Is talk cheap? I don’t think so. In fact, talk, real talk—open unscripted dialogue among people willing to engage in deep silence as well as impassioned speech— is among the most costly things we can do. The real cost of real talk is our sense of ideological security, and without this we are thrust into an existential angst that most of us avoid.
This insight came to me as I sat in a meeting for a group I helped found in Nashville. The original intent of the group was to foster four weeks of dialogue around faith and politics from a liberal perspective. I had expected this to lead to some type of concrete action. What I discovered, however, was that the real action that is needed is more talk.
There are lots of action-oriented groups doing things, but no one has the time to really think through and talk through why they are doing them. And when we do talk, our talk is scripted, pre-digested, and boundaried by political correctness and ideological dogma. Everyone is required to tow the party line. This is not the kind of talk I crave.
In our search for an issue about which to take action, someone suggested immigration. The real topic was illegal immigration but saying so was politically incorrect. The assumption was that people of authentic (read liberal) faith would embrace the immigrant under the principle of “love thy neighbor” even if thy neighbor is occupying the house next door illegally. While I support treating all humans with respect, I do not think that respect necessarily translates into open borders.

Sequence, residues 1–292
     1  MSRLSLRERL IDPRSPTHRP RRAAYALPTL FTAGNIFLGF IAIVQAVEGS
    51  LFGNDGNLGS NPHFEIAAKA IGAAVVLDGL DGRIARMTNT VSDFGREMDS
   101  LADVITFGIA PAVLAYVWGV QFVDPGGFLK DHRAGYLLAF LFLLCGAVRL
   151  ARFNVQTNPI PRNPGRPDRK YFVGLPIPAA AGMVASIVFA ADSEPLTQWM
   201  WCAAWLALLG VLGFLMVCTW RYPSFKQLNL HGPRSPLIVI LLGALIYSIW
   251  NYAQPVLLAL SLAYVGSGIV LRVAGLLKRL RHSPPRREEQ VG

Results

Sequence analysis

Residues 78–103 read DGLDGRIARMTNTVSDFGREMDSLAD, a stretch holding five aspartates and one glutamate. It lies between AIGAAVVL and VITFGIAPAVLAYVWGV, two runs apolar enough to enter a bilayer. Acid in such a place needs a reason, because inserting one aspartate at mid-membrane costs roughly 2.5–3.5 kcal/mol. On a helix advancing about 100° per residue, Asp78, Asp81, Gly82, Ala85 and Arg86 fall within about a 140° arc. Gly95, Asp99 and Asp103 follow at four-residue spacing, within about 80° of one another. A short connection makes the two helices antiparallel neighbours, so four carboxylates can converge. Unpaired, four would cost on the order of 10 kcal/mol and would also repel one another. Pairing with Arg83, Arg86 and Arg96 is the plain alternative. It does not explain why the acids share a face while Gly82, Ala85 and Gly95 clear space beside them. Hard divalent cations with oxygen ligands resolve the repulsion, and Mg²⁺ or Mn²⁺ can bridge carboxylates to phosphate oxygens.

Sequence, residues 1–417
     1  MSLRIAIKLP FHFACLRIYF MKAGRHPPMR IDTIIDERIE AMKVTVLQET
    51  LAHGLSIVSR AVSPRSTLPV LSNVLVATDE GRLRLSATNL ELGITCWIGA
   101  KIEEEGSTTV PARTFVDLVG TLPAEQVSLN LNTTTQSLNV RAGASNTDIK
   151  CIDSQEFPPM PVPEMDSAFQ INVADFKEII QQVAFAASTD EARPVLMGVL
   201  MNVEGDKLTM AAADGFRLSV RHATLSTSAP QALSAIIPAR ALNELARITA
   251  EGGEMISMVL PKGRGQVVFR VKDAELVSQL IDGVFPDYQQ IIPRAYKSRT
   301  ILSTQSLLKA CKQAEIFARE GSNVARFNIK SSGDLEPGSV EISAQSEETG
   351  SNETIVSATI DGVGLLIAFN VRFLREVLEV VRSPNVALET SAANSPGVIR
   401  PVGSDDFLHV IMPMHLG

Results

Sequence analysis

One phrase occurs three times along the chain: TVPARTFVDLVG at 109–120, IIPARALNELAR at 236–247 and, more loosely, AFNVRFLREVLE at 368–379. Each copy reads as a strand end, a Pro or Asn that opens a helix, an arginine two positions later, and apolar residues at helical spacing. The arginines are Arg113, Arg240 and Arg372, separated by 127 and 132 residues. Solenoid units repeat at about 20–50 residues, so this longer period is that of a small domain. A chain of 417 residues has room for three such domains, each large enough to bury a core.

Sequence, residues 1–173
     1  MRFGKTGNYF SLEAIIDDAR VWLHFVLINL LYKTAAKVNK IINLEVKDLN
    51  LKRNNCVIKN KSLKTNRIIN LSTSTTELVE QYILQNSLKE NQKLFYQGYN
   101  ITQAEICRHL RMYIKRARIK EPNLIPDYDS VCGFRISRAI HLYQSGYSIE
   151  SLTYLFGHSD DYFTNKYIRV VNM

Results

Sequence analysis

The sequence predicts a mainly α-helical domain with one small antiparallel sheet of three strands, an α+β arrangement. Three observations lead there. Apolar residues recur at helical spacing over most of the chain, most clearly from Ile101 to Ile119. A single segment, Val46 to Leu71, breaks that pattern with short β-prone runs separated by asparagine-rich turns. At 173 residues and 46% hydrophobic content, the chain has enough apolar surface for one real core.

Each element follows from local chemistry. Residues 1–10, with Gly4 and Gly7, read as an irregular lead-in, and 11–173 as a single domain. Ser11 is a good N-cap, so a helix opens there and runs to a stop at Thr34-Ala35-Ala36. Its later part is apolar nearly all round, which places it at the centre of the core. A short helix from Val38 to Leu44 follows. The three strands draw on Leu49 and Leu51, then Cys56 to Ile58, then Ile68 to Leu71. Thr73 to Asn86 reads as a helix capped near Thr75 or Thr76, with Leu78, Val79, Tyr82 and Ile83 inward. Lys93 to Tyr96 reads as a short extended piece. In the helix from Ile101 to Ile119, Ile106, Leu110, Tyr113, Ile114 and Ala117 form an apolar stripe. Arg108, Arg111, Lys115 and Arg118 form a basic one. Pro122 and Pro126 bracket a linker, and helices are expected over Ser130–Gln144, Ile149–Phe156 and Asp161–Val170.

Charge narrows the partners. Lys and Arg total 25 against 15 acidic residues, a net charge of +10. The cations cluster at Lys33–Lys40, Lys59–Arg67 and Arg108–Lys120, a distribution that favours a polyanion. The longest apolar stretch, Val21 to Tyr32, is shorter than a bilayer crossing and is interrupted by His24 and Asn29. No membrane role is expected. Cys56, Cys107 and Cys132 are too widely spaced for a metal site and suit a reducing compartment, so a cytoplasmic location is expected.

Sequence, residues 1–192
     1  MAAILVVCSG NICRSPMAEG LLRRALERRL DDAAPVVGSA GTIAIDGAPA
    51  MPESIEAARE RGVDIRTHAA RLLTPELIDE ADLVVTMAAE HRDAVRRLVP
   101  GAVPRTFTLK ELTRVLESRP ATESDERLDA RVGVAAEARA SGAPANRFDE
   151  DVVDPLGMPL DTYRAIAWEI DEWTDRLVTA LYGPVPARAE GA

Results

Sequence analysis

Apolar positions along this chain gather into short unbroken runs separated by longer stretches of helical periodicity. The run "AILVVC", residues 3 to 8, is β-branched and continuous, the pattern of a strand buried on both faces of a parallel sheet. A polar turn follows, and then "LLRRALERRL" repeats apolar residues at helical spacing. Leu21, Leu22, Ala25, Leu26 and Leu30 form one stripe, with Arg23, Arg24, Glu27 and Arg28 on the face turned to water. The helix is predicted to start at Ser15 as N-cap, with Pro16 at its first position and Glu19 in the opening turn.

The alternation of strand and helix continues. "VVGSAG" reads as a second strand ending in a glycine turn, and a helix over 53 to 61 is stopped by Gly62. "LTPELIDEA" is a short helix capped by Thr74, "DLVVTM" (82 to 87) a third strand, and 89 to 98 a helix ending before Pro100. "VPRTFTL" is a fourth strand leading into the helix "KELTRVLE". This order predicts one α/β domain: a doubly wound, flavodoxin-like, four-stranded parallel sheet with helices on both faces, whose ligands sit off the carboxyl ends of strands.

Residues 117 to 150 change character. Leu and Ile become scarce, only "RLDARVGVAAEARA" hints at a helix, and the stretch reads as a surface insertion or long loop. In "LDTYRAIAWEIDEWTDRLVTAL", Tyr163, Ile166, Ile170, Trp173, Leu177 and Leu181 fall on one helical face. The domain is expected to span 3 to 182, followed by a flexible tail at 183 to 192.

Another member of our board suggested that the real issue underlying immigration is racism. Mexicans are brown and that says it all. Such thinking implies that only white Americans worry about illegal immigration, and that is patently false, yet to say so is to risk real dialogue and that is too costly. And besides, we were too eager to find something to do.
But what we really need to do was talk. We need to challenge our assumptions and assertions. We need to hear differing opinions. We need to learn how to dialogue with one another; how to listen and speak with open hearts and minds. We need to cultivate the courage to question our own opinions. We need community forums where we can hear speakers on different sides of an issue, and then break into small circles of inquiry to dig more deeply into what the truth might be. What I want are what I call “circles of inquiry” where people gather for unscripted talk arising from mutual silence and not-knowing. I want a topic placed before us with the assumption that we don’t know the truth of the matter and have to actually look together and investigate.
I had hoped that this is what yesterday’s meeting would lead to: the formation of an on-going forum where talk was dangerous and welcome. I don’t think that will happen with this group, but I still think it needs to happen.